Everything else receded. Lee tried to do what he was told, but wondered how in the world he could do this and still be aware of his duties on board. He opened his eyes and found himself sitting on the lower limb of one of the swamp giants. Yoda was gazing up at him. Light from the house told him he hadn’t gone far, but still….  How had he gotten here? Yoda! As he climbed down, he growled, “Did you do this?”

“No, Lee. You did.”

Lee could have sworn the alien sounded smug. He rephrased his question. “Did you take over my mind and, uh, suggest I go climb a tree?”

“Difficult, it was not. Block your mind, you can learn.”

“I don’t understand how, though.”

“Think everything through on your submarine, do you?”

Crane opened his mouth to make a retort, but closed it again. Some things he didn’t think about, he just knew them. He had become so entrenched in what he did on Seaview, he didn’t think out every action, every movement, every order. Sometimes it just happened.

 “I realize this has to become automatic like much of what I do, but I still don’t understand how. It’s all so foreign to me.”

Yoda motioned him back into the house. “Sit down.”

Lee sat, even as he heard Yoda’s breathing slow and soften.

“Trust me to look into your mind, do you?” he asked.

Lee only paused a moment. “Yes.” After all, his country’s enemies didn’t have a clue about this place.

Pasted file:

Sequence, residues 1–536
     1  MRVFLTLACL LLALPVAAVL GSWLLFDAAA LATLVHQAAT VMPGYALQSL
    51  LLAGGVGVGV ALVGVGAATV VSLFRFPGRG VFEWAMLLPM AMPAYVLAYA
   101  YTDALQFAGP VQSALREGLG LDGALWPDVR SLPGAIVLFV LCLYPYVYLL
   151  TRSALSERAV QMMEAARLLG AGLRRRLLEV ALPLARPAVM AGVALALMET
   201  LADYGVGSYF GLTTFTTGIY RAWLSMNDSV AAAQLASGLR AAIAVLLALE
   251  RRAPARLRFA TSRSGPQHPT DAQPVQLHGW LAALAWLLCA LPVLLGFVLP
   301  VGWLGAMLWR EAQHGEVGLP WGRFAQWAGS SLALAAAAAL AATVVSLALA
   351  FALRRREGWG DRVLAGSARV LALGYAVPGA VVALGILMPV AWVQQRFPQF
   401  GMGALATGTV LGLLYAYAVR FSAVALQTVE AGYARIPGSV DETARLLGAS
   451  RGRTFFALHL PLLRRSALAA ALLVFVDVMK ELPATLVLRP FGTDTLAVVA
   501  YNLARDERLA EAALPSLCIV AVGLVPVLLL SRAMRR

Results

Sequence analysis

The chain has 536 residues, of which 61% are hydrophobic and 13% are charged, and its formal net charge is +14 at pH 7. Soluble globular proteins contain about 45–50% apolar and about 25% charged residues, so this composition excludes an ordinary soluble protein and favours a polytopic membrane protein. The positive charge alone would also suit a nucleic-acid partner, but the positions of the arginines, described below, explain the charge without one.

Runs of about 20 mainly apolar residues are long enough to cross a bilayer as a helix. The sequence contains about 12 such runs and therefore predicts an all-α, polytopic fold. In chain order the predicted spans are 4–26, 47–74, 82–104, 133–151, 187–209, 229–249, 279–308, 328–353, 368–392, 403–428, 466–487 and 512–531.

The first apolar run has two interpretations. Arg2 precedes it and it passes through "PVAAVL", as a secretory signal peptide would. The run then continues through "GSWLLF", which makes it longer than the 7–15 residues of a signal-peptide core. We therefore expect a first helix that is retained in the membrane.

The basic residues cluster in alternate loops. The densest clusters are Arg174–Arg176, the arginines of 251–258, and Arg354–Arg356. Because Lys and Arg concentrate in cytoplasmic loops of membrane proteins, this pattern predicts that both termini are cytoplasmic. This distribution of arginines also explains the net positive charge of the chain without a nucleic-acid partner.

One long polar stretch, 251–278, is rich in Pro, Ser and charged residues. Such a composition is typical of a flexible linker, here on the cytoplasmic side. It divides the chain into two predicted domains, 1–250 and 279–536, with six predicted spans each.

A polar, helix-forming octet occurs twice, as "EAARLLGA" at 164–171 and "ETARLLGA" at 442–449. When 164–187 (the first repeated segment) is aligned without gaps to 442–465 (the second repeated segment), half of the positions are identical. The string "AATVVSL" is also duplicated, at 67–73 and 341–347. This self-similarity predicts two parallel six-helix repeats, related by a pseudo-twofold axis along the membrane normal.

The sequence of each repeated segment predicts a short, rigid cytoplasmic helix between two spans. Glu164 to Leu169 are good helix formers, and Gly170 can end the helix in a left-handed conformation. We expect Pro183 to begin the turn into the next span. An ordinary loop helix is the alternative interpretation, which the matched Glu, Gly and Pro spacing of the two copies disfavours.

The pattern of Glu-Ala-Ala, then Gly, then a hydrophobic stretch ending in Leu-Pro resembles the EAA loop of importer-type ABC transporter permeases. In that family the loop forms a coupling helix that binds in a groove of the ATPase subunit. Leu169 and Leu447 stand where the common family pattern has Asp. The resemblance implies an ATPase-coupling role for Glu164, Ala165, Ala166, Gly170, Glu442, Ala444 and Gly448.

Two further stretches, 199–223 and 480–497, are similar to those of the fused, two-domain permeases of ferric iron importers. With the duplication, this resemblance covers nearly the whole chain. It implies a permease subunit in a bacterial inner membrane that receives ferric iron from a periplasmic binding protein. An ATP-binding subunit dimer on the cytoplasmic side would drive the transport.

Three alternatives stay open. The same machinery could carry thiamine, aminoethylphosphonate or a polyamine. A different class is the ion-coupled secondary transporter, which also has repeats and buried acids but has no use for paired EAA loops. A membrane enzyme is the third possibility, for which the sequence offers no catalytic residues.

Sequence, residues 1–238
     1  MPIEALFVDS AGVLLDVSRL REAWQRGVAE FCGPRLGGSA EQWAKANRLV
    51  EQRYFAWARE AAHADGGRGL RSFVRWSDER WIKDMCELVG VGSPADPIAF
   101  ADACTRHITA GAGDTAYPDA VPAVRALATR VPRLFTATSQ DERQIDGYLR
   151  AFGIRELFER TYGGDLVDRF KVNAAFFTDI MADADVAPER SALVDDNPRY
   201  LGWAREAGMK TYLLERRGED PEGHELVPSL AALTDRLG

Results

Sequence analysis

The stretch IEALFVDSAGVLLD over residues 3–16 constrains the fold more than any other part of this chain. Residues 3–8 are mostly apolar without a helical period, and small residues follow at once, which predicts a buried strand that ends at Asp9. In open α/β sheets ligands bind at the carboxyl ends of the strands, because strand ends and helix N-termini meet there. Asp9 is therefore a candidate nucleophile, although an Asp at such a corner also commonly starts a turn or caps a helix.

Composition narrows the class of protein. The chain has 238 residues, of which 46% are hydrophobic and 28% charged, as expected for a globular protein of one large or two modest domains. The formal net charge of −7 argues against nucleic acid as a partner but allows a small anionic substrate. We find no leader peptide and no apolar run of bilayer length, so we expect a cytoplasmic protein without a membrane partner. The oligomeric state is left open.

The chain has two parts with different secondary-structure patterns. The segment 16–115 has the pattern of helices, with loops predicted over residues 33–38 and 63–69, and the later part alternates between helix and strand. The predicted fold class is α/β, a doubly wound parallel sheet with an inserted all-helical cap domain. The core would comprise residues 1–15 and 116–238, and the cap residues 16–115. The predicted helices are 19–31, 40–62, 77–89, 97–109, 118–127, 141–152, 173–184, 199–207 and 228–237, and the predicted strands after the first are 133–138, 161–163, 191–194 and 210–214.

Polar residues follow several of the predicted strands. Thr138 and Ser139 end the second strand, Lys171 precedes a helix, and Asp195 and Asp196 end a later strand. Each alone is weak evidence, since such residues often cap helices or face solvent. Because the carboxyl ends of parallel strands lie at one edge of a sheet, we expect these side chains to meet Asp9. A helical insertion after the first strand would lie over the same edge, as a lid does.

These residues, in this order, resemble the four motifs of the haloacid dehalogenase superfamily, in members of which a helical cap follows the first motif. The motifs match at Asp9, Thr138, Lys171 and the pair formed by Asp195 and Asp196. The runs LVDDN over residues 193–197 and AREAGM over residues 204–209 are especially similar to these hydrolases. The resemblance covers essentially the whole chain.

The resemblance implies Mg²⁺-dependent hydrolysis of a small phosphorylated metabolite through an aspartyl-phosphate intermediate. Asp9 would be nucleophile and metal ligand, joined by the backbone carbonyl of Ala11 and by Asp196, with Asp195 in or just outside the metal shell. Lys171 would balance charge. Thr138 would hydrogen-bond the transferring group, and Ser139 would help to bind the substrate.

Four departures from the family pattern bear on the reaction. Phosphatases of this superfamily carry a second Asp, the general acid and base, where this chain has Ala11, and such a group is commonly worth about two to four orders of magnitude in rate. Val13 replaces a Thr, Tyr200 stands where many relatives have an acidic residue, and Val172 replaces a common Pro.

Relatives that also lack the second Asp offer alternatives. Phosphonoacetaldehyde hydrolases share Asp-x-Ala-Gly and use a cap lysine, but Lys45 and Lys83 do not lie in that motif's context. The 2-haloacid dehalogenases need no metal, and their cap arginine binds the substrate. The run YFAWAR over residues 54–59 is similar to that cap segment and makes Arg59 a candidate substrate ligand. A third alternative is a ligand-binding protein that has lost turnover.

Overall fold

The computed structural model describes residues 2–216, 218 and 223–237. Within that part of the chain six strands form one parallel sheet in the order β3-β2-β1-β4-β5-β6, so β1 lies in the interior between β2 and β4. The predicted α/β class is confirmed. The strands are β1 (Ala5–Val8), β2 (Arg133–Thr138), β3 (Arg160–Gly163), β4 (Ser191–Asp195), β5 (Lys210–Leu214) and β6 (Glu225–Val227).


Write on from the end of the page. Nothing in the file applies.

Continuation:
“Think of the first time a traveler took over your mind.”

The monster that had almost killed him. He shuddered. “That was a very difficult time. I fought, but he was so . . . overwhelming, so powerful.”

“Trust me.”

“All right.” He remembered and felt his muscles go rigid; his thoughts scream their protests. It was like experiencing it all over again. When it was over, Crane slumped against the wall.

Yoda handed him another cup of the alien tea. “A natural defense, you had. Most of your kind has some kind of defense. Developed, it is not. Yours was stronger.”

Lee began to protest. “How….? I mean, I couldn’t even stop a mummy from influencing me!”

“Powerful the mind is, but not invincible. Stripped it, the creature did. Almost killed you, it did. The mind will not allow the organism to die. Made you vulnerable thereafter, it did to avoid death of the organism—you.” Yoda paused and thought again. “Gone it is not.”

“But you just said it was stripped,” Crane protested.

“Stripped from use, but hidden. The mind is tricky.”

“And you can restore it?”

Yoda nodded. “Teach you to make it better, I can, if you wish.” 

“Yes, I wish!” Lee curbed his exuberance.

Yoda chuckled. “Again, listen only to me. My face, you must watch. Concentrate only on me.”

Crane blinked and found himself laying on the floor, a light blanket over his torso. His head was cradled on one arm, which was partially asleep. Yoda was curled up on his pallet. What happened? he wondered as he sat up and shook the circulation back into his arm. Did Yoda succeed? The last thing he remembered was watching Yoda. Crane yawned. He felt as though he could go back to sleep. How long had he been asleep? He leaned against the wall.

“Ah, time is short, Captain,” Yoda told him. The alien was sitting in front of him.

Lee realized he had slept again. Daylight was showing through the windows. Yoda handed him a mug with a spoon in it. “Did I fall asleep while you were helping me?”